VP2 encodes a viral capsid protein that is the major structural protein of CPV 2 and is involved in the host immune response [50]. Therefore, a small number of mutations may result in increased pathogenicity [34], and the effectiveness of commercial vaccines against the Ile324 variant of CPV 2a requires further evaluation. Among all carnivore parvoviruses, residue 324 of VP2 is subject to positive selection [51] and is adjacent to a residue (amino acid 323) known to be involved in host range and tropism via canine transferrin receptor binding [52]. The mutation of CPV 2 residue 323 may influence interactions between residues in neighboring loops of either the same VP2 molecule or the threefold-related VP2, greatly decreasing replication in canine cells [53]. Although the function of residue 324 remains to be elucidated, using SYBR Green-based real-time PCR, our previous study detected the viral shedding of the Ile324 CPV 2 variant for up to 63 days in naturally infected dogs [54]. The pathogenesis of this new variant requires further investigation.

The first CPV 2 infection in Taiwan was recorded in 1980 and was attributed to CPV 2, which was later replaced by CPV 2a and 2b [13]. Previous studies have shown that the predominant genotypes of CPV 2 in northern, central, and southern Taiwan were CPV 2a [13], CPV 2b [15], and CPV 2a [35], respectively, in agreement with our results. Thus, both genotypes (CPV 2a and CPV 2b) constitute the prevalent CPV 2 field strains circulating in Taiwan in the last two decades. However, CPV 2 is constantly mutating, leading to the evolution of novel CPV 2 variants. For example, the CPV 2a Ile324 variant and CPV 2c Glu426 variant have emerged worldwide. Additional CPV 2 cases need to be investigated using continuous surveillance and sequence analysis.


Our VP2 sequence data revealed that both types are currently prevalent CPV 2 field strains circulating in Taiwan, and a unique Ile324 VP2 mutation was found in our Taiwanese CPV 2a isolates and in recent Asian isolates. CPV 2c was not observed in this study.


Specimen collection and DNA extraction

Clinical samples (whole blood and/or rectal swab) were collected from 144 dogs in northern, central, and southern Taiwan between 2008 and 2012. These samples were mainly acquired from dogs with diarrhea and/or bloody diarrhea. The year of sampling, age, clinical history, and CPV types of the sampled dogs are summarized in Table 1.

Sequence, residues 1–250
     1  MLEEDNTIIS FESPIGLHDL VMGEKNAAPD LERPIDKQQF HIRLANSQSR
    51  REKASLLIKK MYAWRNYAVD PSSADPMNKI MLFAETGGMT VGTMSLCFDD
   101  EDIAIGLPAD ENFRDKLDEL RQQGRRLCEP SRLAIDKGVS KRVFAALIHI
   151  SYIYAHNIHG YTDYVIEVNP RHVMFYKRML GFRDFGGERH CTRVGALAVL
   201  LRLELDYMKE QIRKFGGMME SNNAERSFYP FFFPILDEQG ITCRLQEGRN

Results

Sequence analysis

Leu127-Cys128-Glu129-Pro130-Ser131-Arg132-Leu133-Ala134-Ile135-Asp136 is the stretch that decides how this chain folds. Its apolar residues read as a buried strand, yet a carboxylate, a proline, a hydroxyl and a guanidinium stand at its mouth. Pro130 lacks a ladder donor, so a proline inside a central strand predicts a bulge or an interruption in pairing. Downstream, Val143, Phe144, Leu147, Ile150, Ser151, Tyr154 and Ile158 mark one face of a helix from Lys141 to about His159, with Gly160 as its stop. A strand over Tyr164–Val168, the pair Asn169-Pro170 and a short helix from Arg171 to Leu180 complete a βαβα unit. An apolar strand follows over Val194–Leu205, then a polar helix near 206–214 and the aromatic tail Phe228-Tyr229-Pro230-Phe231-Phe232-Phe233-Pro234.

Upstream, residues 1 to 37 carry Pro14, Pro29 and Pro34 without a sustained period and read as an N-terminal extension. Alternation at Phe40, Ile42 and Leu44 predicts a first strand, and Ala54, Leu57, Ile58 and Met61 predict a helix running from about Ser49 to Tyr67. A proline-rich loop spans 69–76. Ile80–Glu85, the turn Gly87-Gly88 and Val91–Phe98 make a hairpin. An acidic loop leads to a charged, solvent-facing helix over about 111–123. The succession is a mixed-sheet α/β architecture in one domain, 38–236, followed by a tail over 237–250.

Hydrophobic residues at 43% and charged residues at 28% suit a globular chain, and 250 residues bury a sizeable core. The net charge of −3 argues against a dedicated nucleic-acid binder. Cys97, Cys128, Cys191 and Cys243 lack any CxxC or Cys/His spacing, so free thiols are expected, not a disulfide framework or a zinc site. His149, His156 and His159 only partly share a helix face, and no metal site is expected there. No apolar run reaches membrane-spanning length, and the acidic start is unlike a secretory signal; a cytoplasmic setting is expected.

Sample preparation and CPV 2 screening

Viral DNA was extracted from the clinical samples (either whole blood or rectal swab) using a Genomic DNA Mini Kit (Geneaid Biotech, Ltd., Taipei, Taiwan) according to the manufacturer’s protocol. All of the clinical specimens were screened for CPV 2 by polymerase chain reaction (PCR) as described by Lin et al. [54].

VP2 gene amplification and sequencing

Samples showing positive PCR results from either type of specimen were included in this study. The partial VP2 gene of CPV 2 was amplified by PCR as described by Buonavoglia et al. [9]. The DNA fragments were purified (Geneaid Biotech, Ltd., Taipei, Taiwan), and the target nucleotide sequences were determined in both orientations using an auto-sequencer (ABI 3730XL, Foster City, CA, USA).

Sequence and phylogenetic analyses

The VP2 DNA sequences of our samples were compared to those of reference FPV (M38246), CPV 2 (M38245), CPV 2a (M24003), CPV 2b (M74849, AY742941), new CPV 2a (AY742953, AB054213, AB054215, DQ340434, EF011664, EF189717, EU009204, EU145955, FJ005259, FJ197841, FJ197842, FJ435343, FJ435345, FJ435346, FJ435347, FJ869138, GQ379043, GQ379048, GU569936, GU569942, HQ602978, HQ602995, JF346754, JF906788, JN403045, JX048605, JX048606, KC196114, KF149978), new CPV 2b (AY742955, AY869724, EU009205, EU145954, FJ005260, FJ005264, JF414817, JN867603, KF149985), and CPV 2c (FJ005235, FJ005237, FJ222821, GQ865518, GU380303, JF414818, KC196099, KF149962). Multiple alignments of the nucleic acid and amino acid sequences were performed with the Clustal W method using the MegAlign program (DNASTAR, Madison, WI, USA). The phylogenetic analyses were conducted by the maximum likelihood method using MEGA 5, version 5.05.


CPV: Canine parvovirus; PCR: Polymerase chain reaction.

Competing interests

The authors declare that they have no competing interests.

Authors’ contributions

CNL designed and analyzed the experimental data and wrote the manuscript. CHC, MTC, and LLC managed the study, provided materials and reagents, contributed to the interpretation of the data, and co-wrote the manuscript. MYH and HSH contributed to the DNA extraction and PCR. All of the authors read and approved the final manuscript.


We thank Dr. Li-En Hsieh, Dr. Ya-Ling Lin, and Dr. Ya-Min Xu for sample collection.